Back in the fall, I wrote a blog post about one of our athletes, Aziza Ayoub, and the program we did with her to help her win the Ohio state track championship in the 800M (twice). You can read about Aziza’s program by clicking here.
We were fortunate enough this year to have three athletes make it to the state meet this year – Isabelle Angerman from Dublin Coffman who was the state runner-up in the 300H last year and got 3rd place this year, Maya Fuller a freshman who anchored her Dublin Jerome 4x400M team to an 8th place finish, and Anna Kessler a sophomore from Bishop Watterson who got 9th place in the 100M.
Like Aziza, I want to highlight one of those athletes and how we approached her program to get her to that state meet. Isabelle was already a state runner-up from the previous year. Maya was part of a relay and being a freshman anything she did her first year of high school track would be great.
So, we are going to focus on my daughter, Anna. We will look at her program in three parts – an overall look at what is needed which will be today, her off-season program, and her in-season program.
Anna’s freshman year of high school was nice, but nothing earth-shattering. She was part of a mile relay team that set a school record and made it to Regionals. Every other event she was in faded out in the Districts.
Here were her PR’s from freshman year:
- 100M – 12.85 (did not make District finals)
- 200M – 27.38 (didn’t run at Districts)
- 400M (open) – 1:03.30 (only ran it once or twice early in the season)
- 400M (split time) – 1:00.70 (this was from her 4x400M run, timing when the baton crosses the finish line when she receives and hands off)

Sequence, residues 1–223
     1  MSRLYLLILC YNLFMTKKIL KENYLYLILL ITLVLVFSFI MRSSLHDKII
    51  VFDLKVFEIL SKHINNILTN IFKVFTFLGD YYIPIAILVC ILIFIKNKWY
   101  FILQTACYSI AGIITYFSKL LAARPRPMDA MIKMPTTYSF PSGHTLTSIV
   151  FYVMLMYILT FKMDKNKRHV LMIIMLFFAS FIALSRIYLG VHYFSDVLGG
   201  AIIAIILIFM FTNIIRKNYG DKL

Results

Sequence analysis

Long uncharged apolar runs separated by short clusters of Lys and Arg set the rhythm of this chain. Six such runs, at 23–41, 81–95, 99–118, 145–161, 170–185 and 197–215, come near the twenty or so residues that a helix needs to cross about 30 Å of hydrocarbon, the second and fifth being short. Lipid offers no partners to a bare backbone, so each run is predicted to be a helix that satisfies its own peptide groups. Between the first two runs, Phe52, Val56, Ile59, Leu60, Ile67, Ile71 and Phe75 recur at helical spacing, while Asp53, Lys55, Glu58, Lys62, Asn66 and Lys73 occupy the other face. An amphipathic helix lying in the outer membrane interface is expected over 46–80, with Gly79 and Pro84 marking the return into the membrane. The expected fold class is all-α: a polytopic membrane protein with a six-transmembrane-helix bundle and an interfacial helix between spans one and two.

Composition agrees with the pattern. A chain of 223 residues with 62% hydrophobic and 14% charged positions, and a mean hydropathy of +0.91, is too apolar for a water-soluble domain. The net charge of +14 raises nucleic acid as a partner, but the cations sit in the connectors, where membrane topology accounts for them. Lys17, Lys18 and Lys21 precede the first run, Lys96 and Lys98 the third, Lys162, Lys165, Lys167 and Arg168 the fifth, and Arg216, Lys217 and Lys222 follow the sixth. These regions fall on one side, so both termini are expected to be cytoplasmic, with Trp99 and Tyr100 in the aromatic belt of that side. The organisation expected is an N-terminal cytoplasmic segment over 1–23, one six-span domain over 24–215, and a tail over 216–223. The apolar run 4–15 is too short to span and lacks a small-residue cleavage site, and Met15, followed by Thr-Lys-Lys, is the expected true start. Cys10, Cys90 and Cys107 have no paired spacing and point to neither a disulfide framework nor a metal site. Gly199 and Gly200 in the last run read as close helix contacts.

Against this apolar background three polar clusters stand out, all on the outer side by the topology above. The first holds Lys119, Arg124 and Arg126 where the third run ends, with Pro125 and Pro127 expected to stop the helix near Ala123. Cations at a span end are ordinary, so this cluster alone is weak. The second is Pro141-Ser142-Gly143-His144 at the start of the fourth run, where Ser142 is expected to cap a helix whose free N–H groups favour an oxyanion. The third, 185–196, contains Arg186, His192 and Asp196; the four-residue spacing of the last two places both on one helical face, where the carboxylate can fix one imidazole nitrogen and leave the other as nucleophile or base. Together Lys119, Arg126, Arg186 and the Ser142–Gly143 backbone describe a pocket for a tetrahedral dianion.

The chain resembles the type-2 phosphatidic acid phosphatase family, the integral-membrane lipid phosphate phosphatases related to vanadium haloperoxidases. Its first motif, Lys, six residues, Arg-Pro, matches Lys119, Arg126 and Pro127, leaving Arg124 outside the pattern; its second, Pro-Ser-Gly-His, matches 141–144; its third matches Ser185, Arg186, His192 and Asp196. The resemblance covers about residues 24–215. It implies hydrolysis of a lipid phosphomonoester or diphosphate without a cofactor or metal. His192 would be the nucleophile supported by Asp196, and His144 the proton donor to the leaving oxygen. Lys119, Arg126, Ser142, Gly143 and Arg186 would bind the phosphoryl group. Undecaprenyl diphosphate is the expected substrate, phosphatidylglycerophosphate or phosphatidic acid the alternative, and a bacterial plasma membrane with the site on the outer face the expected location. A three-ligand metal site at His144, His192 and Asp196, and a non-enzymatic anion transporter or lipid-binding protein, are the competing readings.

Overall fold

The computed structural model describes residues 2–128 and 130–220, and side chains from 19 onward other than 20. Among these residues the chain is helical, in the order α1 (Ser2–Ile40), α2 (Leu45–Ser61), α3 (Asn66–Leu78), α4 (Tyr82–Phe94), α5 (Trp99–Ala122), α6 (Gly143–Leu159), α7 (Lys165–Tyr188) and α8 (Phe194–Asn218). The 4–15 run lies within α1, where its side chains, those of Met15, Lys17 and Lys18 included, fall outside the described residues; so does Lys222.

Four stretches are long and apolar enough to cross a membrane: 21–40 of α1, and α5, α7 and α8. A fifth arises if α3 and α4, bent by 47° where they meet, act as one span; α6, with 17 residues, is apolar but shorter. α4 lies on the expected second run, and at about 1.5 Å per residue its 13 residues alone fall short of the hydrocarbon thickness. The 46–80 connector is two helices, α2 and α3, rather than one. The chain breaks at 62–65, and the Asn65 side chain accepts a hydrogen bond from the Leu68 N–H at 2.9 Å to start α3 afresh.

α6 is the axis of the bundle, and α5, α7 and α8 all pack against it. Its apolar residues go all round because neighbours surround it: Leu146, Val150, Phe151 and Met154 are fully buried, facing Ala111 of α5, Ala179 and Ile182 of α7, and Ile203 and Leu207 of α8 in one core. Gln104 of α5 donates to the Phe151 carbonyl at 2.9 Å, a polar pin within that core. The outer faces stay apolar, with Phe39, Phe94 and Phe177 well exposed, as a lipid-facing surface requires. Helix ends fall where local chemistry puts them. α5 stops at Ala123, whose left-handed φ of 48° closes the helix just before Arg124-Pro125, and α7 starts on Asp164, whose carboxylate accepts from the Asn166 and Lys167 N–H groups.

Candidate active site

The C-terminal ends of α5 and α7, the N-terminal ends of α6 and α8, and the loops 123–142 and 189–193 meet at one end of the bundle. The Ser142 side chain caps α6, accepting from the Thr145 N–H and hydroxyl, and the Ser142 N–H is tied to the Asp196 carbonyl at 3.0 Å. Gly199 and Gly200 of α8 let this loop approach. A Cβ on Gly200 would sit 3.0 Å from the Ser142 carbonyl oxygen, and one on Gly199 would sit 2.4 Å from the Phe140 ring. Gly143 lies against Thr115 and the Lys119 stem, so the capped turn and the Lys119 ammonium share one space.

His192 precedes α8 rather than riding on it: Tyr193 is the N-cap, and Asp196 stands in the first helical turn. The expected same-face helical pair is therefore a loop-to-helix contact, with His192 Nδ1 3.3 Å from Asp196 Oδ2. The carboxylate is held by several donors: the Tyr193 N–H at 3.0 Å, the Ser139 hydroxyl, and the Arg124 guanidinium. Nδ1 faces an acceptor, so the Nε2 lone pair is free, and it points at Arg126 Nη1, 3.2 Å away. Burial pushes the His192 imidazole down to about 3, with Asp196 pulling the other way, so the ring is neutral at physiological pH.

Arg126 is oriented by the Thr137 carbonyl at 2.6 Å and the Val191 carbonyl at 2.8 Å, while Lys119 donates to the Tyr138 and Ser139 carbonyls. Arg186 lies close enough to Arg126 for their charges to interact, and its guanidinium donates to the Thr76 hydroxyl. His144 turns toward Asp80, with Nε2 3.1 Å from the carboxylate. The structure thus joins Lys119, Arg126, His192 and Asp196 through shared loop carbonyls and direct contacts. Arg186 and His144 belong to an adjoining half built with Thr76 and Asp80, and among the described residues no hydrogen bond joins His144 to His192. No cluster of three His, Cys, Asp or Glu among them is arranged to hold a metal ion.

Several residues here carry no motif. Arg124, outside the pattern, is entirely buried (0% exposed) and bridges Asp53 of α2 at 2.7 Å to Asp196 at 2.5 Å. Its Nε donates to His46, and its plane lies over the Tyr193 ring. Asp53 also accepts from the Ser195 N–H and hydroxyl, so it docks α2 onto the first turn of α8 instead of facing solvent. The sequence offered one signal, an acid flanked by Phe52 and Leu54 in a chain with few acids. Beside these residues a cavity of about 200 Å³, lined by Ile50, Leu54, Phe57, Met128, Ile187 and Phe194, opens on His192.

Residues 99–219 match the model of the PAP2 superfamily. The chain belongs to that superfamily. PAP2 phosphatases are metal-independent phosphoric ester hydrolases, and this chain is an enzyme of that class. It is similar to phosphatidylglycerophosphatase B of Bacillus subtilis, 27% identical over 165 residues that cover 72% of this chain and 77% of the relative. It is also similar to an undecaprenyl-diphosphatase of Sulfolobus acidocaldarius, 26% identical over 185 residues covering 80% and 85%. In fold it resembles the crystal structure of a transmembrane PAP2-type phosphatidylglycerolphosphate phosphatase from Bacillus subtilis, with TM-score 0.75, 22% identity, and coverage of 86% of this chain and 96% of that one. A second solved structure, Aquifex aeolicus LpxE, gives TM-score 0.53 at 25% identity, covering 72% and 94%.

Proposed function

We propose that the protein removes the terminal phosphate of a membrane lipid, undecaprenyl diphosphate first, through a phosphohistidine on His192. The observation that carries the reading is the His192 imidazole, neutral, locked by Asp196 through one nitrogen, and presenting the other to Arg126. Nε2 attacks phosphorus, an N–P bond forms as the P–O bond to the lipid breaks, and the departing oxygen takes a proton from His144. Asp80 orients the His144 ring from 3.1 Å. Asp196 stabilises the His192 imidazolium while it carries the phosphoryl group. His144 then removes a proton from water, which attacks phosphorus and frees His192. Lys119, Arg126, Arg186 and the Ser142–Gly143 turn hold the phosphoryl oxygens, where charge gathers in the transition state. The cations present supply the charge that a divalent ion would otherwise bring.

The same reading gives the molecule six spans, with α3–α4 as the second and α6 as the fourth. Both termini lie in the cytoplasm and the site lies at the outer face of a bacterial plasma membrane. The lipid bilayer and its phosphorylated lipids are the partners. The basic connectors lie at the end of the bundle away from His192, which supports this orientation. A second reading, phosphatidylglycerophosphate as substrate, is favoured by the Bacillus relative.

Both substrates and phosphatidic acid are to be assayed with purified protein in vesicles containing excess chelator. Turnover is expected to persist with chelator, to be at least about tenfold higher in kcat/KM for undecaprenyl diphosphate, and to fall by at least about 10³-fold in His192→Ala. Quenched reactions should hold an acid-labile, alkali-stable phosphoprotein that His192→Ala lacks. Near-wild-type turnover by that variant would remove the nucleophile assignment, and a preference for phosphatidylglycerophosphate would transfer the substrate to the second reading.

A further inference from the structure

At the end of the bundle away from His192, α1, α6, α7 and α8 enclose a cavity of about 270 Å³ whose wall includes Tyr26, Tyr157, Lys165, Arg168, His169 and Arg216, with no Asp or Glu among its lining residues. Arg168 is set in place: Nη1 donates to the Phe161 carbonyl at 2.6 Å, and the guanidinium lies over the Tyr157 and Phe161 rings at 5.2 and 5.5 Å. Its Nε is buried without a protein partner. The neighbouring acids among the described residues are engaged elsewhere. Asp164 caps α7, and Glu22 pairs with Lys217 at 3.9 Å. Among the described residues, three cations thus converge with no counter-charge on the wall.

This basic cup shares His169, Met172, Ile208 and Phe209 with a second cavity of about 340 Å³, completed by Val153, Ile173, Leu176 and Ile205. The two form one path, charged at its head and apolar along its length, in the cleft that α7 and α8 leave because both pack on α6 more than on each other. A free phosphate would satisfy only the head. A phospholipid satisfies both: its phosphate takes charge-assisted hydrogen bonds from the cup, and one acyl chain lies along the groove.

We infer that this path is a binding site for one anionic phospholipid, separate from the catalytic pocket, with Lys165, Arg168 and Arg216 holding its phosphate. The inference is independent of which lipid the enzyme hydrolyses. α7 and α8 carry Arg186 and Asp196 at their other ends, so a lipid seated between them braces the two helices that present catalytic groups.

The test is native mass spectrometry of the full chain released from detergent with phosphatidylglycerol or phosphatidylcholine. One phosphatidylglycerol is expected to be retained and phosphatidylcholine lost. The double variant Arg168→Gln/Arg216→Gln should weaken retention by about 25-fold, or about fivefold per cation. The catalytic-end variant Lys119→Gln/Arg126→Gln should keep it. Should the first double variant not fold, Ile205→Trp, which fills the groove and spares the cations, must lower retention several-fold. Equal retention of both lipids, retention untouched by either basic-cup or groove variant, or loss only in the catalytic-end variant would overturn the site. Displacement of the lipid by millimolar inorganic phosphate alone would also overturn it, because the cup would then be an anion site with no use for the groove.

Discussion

As a point of reference, in the state of Ohio, everyone begins the tournament at Districts. Top 4 in each event move on to Regionals. Top 4 at Regionals and the athlete advances to the state meet.
The biggest thing Anna needed to work on between freshman and sophomore year was her strength, power, and explosiveness. Not really a shocker, but if she was going to advance far in the state tournament those times needed to drop and that was how it was going to be done.
Anna plays soccer in the fall. So, there is a little work that is done during the summer, but not a concentrated effort. You have vacations, summer camps, work, etc. By the time August 1 rolls around, you might have been able to do 6 or 7 weeks of training then you are off to soccer for 2.5+ months.
She doesn’t do a winter sport, so her important training time of the year are the months inbetween soccer and track – end of October to March 4. That is a little over 4 months or a third of your year.
If your athlete has this opportunity to train during that timeframe, it is almost perfect for them. Not too many interruptions due to the fact they are in school the majority of that time. So, they are on a constant schedule. Maybe a holiday break, but that is it. Good training for 4 months.
Anna’s training consisted of the following:
- A good 30-45 minutes of speed work three times a week.
- This speed work focused on mechanical drills, resistance runs, plyometrics, acceleration drills, and blockwork using plastic indoor blocks we had at the facility. Plus some more drills I can’t remember.
- Strength sessions were done 3 times a week right after the speed going for another 45-60 mins depending on where she was in her strength program.
- The strength program was designed for total strength development with a focus on posterior strength and developing relative strength (strength to bodyweight).
- Figuring out how indoor track would play a role in this development and participating accordingly.
With soccer ending, she would begin her 4 months of training. The end result is a hope that her speed improves like Aziza’s did to get her to the state meet and maybe place. Next week, we will go into more detail her off-season workouts. Also, we will discuss things that were done outside of training that benefitted her development (diet and sleep).